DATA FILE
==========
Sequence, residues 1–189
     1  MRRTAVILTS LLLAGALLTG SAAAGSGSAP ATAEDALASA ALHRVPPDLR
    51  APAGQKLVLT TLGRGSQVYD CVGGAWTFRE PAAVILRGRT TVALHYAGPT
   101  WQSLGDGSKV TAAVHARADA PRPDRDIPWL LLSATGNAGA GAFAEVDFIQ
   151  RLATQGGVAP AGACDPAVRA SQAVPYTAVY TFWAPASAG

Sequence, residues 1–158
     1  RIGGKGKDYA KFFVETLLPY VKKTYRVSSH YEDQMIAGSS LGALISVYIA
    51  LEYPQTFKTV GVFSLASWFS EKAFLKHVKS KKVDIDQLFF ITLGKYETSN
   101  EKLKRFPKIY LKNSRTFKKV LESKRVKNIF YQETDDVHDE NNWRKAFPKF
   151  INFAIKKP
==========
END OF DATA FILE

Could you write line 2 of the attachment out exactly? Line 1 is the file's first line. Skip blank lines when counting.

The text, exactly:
     1  MRRTAVILTS LLLAGALLTG SAAAGSGSAP ATAEDALASA ALHRVPPDLR